kṛtāgasas te ’viduṣaḥ prabhāvam
kṣantuṁ prabho ’thārhasi mūḍha-cetaso
maivaṁ punar bhūn matir īśa me ’satī
saḥ — He; tvam — Yourself; mama — of me; aiśvarya — of rulership; mada — in the intoxication; plutasya — who is submerged; kṛta — having committed; āgasaḥ — sinful offense; te — Your; aviduṣaḥ — not knowing; prabhāvam — the transcendental influence; kṣantum — to forgive; prabho — O master; atha — therefore; arhasi — You should; mūḍha — foolish; cetasaḥ — whose intelligence; mā — never; evam — thus; punaḥ — again; bhūt — may it be; matiḥ — consciousness; īśa — O Lord; me — my; asatī — impure.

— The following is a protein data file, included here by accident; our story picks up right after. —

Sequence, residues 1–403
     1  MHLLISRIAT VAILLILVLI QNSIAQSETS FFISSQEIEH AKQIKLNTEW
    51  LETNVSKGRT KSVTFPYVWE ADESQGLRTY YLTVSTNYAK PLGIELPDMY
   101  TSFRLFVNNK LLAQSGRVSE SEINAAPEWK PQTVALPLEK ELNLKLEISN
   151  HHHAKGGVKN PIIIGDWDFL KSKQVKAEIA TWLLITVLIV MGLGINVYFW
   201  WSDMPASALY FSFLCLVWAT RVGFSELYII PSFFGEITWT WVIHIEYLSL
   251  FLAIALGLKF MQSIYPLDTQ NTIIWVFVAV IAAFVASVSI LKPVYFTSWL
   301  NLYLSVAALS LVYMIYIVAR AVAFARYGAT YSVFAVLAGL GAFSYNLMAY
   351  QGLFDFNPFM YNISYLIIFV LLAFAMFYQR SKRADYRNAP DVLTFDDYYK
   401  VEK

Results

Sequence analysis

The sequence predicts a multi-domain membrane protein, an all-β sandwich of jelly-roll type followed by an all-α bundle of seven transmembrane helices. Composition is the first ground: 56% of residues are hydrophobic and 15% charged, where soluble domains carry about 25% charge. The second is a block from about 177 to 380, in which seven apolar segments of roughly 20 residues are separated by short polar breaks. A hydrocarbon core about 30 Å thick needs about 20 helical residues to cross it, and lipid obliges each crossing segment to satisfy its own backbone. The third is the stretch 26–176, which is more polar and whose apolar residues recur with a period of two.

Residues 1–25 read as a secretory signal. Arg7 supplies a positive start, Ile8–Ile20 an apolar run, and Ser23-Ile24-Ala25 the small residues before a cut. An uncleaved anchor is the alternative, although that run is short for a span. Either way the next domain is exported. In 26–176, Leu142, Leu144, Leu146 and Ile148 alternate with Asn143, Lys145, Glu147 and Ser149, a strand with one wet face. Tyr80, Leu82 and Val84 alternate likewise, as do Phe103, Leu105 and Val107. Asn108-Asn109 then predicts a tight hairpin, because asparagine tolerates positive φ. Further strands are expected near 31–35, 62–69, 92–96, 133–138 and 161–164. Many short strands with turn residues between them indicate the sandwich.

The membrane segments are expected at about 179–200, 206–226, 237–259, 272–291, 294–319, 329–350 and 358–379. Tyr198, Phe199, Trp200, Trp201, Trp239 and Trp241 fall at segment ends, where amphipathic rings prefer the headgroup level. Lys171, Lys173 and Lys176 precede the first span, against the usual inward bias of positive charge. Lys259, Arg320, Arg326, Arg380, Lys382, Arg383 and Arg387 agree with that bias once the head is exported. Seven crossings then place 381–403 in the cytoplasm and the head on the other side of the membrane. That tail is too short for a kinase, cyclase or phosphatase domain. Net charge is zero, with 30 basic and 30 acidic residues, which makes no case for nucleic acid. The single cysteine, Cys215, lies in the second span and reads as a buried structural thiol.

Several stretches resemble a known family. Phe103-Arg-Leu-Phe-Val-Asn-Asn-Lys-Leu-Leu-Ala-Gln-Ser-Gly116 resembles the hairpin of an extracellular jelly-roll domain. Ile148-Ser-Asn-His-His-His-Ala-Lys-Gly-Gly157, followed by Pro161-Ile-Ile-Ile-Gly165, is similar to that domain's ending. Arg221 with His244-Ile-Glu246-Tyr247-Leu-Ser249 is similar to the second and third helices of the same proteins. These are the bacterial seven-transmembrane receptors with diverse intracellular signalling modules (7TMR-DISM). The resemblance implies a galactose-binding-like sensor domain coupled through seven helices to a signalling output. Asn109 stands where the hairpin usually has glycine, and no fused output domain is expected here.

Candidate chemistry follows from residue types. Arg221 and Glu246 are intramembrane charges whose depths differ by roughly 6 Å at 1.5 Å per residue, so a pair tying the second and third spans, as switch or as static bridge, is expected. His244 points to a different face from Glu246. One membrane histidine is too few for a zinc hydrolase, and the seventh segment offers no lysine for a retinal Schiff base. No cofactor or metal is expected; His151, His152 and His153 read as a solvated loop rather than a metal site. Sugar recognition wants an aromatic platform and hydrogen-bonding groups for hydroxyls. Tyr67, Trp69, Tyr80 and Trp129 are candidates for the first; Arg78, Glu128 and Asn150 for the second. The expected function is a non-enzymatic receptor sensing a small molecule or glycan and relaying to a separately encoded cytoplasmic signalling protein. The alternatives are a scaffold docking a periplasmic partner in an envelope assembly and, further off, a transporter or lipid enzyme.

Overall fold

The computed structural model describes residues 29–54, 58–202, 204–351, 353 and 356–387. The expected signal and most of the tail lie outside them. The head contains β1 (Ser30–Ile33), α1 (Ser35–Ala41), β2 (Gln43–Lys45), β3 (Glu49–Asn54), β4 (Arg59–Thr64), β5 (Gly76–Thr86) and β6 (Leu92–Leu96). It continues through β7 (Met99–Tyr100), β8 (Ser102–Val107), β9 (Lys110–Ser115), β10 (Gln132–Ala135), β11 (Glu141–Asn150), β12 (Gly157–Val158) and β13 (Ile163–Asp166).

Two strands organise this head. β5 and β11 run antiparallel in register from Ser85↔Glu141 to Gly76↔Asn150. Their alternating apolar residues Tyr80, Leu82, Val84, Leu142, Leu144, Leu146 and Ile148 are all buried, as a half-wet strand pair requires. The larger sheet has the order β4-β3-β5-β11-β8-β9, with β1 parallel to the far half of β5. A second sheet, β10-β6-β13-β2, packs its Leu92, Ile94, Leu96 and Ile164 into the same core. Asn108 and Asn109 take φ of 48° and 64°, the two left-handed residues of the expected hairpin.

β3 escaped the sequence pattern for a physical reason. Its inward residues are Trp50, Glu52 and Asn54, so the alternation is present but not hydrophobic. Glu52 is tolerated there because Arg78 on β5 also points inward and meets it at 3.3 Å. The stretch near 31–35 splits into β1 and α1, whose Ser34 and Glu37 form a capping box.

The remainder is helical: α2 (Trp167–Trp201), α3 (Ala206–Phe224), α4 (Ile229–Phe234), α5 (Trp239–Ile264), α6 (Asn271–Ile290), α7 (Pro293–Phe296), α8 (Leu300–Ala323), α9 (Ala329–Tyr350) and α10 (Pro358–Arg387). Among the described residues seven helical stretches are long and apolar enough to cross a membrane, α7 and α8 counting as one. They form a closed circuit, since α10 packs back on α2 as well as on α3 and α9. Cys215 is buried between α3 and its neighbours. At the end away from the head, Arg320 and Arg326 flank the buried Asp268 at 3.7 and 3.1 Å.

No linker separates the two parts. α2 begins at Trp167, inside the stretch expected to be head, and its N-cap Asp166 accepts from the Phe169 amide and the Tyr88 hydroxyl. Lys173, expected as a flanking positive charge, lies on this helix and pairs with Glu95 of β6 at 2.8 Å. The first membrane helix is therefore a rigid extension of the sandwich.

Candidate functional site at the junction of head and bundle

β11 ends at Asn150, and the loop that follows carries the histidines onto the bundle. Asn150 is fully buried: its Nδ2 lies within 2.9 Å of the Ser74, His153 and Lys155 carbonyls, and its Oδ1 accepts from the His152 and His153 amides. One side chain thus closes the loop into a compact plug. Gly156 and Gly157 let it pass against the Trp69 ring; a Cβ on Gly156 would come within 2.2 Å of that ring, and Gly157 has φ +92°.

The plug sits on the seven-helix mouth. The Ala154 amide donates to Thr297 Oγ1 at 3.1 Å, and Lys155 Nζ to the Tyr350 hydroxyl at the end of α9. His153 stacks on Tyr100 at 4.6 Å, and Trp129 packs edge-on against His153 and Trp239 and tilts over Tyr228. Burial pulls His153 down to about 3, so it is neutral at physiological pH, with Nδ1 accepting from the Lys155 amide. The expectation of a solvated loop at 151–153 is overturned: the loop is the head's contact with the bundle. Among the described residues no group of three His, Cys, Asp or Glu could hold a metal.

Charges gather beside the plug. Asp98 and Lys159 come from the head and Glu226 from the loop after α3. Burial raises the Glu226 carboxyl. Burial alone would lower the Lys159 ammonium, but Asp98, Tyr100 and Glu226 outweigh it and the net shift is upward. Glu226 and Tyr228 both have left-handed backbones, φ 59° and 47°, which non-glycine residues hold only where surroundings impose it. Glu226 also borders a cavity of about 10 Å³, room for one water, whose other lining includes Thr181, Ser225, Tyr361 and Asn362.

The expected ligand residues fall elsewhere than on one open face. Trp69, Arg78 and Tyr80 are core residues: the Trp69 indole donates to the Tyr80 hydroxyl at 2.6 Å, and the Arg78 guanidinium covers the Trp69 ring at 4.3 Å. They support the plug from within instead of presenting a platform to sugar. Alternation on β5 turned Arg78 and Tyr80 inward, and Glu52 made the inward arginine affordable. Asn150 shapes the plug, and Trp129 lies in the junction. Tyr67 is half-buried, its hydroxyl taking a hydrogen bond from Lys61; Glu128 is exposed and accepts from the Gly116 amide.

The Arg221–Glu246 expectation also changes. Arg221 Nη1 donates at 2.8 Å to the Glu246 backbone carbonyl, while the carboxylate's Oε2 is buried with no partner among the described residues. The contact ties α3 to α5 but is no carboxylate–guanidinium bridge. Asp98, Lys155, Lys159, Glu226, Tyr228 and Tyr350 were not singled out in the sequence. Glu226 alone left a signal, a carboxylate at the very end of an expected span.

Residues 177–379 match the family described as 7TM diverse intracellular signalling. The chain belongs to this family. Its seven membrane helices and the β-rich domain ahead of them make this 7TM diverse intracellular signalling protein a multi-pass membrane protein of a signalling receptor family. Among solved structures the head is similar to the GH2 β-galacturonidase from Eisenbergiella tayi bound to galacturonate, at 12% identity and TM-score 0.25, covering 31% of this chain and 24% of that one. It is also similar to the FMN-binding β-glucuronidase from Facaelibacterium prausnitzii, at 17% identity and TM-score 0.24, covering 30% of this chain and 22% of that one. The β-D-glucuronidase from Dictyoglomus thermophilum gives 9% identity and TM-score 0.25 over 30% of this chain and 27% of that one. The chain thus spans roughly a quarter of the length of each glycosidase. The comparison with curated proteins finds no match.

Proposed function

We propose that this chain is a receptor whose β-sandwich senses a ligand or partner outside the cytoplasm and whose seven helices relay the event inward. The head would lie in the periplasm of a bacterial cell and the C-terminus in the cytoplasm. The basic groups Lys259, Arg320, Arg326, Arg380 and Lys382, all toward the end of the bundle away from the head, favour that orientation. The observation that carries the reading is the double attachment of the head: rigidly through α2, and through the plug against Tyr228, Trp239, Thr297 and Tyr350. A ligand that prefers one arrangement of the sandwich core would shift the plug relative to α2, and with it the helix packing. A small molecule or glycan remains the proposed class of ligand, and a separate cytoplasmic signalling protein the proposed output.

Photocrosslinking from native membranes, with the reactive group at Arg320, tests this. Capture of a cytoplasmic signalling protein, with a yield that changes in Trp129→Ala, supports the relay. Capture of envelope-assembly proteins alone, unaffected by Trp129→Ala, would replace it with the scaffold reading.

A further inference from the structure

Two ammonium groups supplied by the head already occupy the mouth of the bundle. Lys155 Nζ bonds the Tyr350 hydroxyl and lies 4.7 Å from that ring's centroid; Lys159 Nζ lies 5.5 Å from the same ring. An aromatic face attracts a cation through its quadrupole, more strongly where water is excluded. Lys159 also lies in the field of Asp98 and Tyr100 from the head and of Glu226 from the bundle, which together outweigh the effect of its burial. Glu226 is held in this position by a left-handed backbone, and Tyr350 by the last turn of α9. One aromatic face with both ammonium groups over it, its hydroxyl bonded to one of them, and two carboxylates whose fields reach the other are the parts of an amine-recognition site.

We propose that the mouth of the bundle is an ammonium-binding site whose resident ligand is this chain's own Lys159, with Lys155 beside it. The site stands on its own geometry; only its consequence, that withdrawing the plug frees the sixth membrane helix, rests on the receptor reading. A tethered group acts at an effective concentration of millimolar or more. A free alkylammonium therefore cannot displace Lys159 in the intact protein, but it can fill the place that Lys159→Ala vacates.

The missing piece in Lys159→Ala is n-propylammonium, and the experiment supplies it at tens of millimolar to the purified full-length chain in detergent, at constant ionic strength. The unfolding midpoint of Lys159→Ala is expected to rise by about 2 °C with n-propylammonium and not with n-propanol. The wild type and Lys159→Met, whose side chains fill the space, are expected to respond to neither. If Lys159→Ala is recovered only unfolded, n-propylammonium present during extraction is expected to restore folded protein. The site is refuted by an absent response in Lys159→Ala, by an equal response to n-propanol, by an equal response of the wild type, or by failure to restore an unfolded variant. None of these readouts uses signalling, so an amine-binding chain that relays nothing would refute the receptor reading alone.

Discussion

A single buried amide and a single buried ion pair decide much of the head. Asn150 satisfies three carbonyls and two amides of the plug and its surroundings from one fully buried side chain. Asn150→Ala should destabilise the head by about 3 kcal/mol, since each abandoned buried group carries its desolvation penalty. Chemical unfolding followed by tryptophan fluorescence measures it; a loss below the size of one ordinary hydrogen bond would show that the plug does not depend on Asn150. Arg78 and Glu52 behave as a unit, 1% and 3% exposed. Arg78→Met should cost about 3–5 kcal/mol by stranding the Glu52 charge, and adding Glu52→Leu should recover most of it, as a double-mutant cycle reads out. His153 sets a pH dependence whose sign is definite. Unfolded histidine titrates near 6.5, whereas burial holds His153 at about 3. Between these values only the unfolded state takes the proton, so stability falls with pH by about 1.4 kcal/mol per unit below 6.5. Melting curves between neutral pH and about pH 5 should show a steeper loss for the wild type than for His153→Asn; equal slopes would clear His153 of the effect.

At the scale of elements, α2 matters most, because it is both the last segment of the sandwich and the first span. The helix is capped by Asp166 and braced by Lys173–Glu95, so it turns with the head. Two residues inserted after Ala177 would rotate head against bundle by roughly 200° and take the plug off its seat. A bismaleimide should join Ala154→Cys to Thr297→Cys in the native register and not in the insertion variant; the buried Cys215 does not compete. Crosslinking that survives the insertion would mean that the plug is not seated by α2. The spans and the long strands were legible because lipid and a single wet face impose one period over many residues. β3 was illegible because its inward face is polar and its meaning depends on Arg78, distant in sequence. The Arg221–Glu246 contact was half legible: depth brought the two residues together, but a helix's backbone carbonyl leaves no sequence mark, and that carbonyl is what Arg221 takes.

Engrossed in pride over my ruling power, ignorant of Your majesty, I offended You. O Lord, may You forgive me. My intelligence was bewildered, but let my consciousness never again be so impure.
Although Lord Kṛṣṇa protected the residents of Vraja by lifting Govardhana Hill, He had not yet punished Indra himself, and Indra feared that at any moment Śrī Kṛṣṇa might call the son of Vivasvān, Yamarāja, who punishes impudent persons who defy the laws of God.
Indra was quite fearful and thus begged the Lord’s forgiveness on the plea that he could be purified only by Kṛṣṇa’s mercy — that he was too stubborn to learn a good lesson through mere punishment.
In fact, despite Indra’s humility in this case, his heart was not completely purified. Later on in this canto we find that when Lord Kṛṣṇa once took a pārijāta flower from Indra’s kingdom, poor Indra again reacted violently against the Supreme Personality of Godhead. Thus, we should aspire to go back to our eternal home in the kingdom of Kṛṣṇa, and should not become entangled in the imperfect life of the material gods.